In a surprise move, Southern Oregon University President Roy Saigo reversed an earlier position and will not seek a third year on the job. The move, which emerged at Friday’s board of trustees meeting, set in motion a search to replace him by the time his two-year contract expires June 30, 2016.
Board Chairman Bill Thorndike said that, in consultation with all campus groups, “it became clear, from SOU’s standpoint, that we needed to get going as soon as possible on a permanent replacement. A year’s extension didn’t make sense to go with.”
Representing the Faculty Senate, math professor Larry Shrewsbury read a letter to the board opposing an extension of Saigo’s contract, noting, “The faculty has requested that long-term strategic planning be initiated to meet the goals demanded by our accreditation process and retrenchment requirements. Such planning has not begun and is dangerously overdue.”
Board member Lyn Hennion was named to lead a small group starting the search. The search criteria will be finalized at the board’s January retreat, but Thorndike said the board is looking for a president who is “student-centric” and who recognizes SOU is a place of “co-governance,” and a teaching and not a research university.
Saigo was very committed to the school and has done a “wonderful job,” said Thorndike, and the board approved dropping the “interim” from his title out of respect for that.
The search process will be “radically different” than any in SOU’s history, he said, as it will be the first time it has searched for a president on its own, rather than having the state Board of Higher Education do it. The state system decided to go to local governance of universities two years ago, and the current board assumed local control July 1.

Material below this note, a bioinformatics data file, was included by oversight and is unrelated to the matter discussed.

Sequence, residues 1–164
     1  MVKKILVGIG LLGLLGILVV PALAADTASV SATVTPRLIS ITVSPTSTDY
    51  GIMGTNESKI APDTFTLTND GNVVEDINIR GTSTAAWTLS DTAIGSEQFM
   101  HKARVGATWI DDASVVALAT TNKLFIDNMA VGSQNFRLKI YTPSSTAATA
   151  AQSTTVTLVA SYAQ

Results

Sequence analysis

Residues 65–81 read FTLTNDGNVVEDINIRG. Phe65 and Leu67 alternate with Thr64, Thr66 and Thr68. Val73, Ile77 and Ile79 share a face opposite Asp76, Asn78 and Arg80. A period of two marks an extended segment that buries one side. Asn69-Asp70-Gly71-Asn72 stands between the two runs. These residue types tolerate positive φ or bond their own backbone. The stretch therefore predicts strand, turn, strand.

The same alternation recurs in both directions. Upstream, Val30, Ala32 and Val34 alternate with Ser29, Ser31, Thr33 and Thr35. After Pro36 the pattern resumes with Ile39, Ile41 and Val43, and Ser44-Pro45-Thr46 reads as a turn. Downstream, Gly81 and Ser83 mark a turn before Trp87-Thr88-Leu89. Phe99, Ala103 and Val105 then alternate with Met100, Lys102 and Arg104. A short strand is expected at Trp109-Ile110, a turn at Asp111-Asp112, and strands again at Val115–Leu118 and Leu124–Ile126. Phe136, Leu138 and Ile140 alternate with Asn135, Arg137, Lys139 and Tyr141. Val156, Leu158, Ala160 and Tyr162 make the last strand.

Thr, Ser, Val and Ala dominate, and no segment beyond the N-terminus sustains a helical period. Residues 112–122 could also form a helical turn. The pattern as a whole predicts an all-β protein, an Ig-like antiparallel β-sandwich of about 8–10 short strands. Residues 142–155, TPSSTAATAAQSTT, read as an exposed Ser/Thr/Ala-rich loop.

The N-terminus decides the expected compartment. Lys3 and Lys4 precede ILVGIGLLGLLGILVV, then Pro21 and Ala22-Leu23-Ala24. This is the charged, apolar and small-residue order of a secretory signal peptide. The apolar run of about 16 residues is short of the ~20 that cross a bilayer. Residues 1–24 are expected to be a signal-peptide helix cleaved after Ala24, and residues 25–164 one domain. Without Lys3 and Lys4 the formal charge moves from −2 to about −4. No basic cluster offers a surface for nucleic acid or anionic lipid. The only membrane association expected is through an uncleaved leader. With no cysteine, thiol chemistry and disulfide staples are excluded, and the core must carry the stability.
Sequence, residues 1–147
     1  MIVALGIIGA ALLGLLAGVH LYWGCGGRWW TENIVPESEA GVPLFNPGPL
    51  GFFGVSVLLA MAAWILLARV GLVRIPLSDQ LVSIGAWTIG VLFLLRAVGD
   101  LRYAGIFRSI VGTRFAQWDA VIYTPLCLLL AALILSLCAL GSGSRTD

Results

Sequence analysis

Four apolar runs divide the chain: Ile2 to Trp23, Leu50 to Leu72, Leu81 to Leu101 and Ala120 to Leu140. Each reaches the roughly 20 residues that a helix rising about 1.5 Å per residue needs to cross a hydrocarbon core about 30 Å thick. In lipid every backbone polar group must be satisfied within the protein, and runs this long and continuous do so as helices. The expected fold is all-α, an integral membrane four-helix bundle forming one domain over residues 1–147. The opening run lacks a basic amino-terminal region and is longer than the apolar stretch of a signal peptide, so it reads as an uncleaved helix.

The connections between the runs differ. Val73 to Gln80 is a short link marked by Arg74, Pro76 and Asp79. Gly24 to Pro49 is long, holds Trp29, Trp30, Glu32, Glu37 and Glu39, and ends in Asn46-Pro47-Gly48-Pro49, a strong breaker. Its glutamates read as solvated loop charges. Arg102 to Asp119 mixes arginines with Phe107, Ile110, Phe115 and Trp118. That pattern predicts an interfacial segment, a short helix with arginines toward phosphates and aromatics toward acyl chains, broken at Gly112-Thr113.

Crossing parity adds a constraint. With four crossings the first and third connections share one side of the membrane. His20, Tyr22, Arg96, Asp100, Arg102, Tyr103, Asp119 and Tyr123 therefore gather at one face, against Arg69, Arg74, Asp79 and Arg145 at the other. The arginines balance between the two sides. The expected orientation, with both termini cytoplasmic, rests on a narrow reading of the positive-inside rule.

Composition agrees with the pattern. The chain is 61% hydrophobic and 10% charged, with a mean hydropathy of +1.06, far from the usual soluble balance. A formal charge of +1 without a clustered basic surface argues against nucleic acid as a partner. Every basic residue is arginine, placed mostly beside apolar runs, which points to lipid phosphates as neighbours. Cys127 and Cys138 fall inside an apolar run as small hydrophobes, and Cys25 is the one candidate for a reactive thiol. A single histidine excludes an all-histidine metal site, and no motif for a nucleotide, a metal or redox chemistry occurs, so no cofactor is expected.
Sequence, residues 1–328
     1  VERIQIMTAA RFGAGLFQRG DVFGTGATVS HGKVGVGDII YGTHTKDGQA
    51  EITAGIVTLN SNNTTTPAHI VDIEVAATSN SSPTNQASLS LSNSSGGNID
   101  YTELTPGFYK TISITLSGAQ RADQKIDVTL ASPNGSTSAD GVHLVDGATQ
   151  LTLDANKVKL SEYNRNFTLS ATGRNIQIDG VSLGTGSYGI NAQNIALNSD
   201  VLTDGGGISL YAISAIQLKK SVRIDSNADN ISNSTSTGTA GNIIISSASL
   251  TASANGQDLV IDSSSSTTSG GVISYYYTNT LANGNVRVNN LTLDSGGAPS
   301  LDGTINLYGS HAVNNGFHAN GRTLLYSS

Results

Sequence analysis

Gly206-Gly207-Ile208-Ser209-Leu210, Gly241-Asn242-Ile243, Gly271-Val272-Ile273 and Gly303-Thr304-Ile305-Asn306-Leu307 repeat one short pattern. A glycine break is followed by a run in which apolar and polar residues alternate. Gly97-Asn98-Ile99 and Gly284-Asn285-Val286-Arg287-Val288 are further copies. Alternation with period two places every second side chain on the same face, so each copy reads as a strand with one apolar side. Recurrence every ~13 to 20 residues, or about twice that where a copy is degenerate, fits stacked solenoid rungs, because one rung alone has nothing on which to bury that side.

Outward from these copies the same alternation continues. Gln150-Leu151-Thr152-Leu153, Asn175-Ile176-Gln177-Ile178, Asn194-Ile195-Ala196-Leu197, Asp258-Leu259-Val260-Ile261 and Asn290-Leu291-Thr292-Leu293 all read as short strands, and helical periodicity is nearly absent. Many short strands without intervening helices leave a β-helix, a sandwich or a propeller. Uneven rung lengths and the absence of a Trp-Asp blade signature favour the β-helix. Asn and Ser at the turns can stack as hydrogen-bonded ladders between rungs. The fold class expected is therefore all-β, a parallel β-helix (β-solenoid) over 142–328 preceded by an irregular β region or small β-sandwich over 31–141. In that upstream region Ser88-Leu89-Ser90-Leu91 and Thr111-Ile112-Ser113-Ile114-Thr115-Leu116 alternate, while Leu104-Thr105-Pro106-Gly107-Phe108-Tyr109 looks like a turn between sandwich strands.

“A lot of what we will be doing will be new and fresh,” he added. “We will be working from past policies, but we’ll have the ability to modify from some 270 polices that we got from the Chancellor’s Office about the selection process at the changeover. We have to figure out what policies will work for us. We’re starting to grapple with questions and processes that will serve us.”
Saigo, in a statement, lauded the increased enrollment and healthy fund balance during his tenure, as well as “great strides” in engaging the local community and strengthening ties with area high schools and Rogue Community College. Saigo will stay on the job longer than June 30 if the school needs him, Thorndike said.
Thorndike, who was on two presidential search teams with the Board of Higher Education, said there will be a great deal of interest in the post, as SOU is “a nice-sized university” with professional programs and great connections in the arts and environmental science.
The board will offer a salary around $225,000.
Saigo was hired after an embattled President Mary Cullinan grappled with severe budget cuts during the Great Recession and ensuing years and received a vote of no confidence from the faculty. She took a job as head of Eastern Washington University in July 2014.
John Darling is an Ashland freelance writer. Reach him at firstname.lastname@example.org.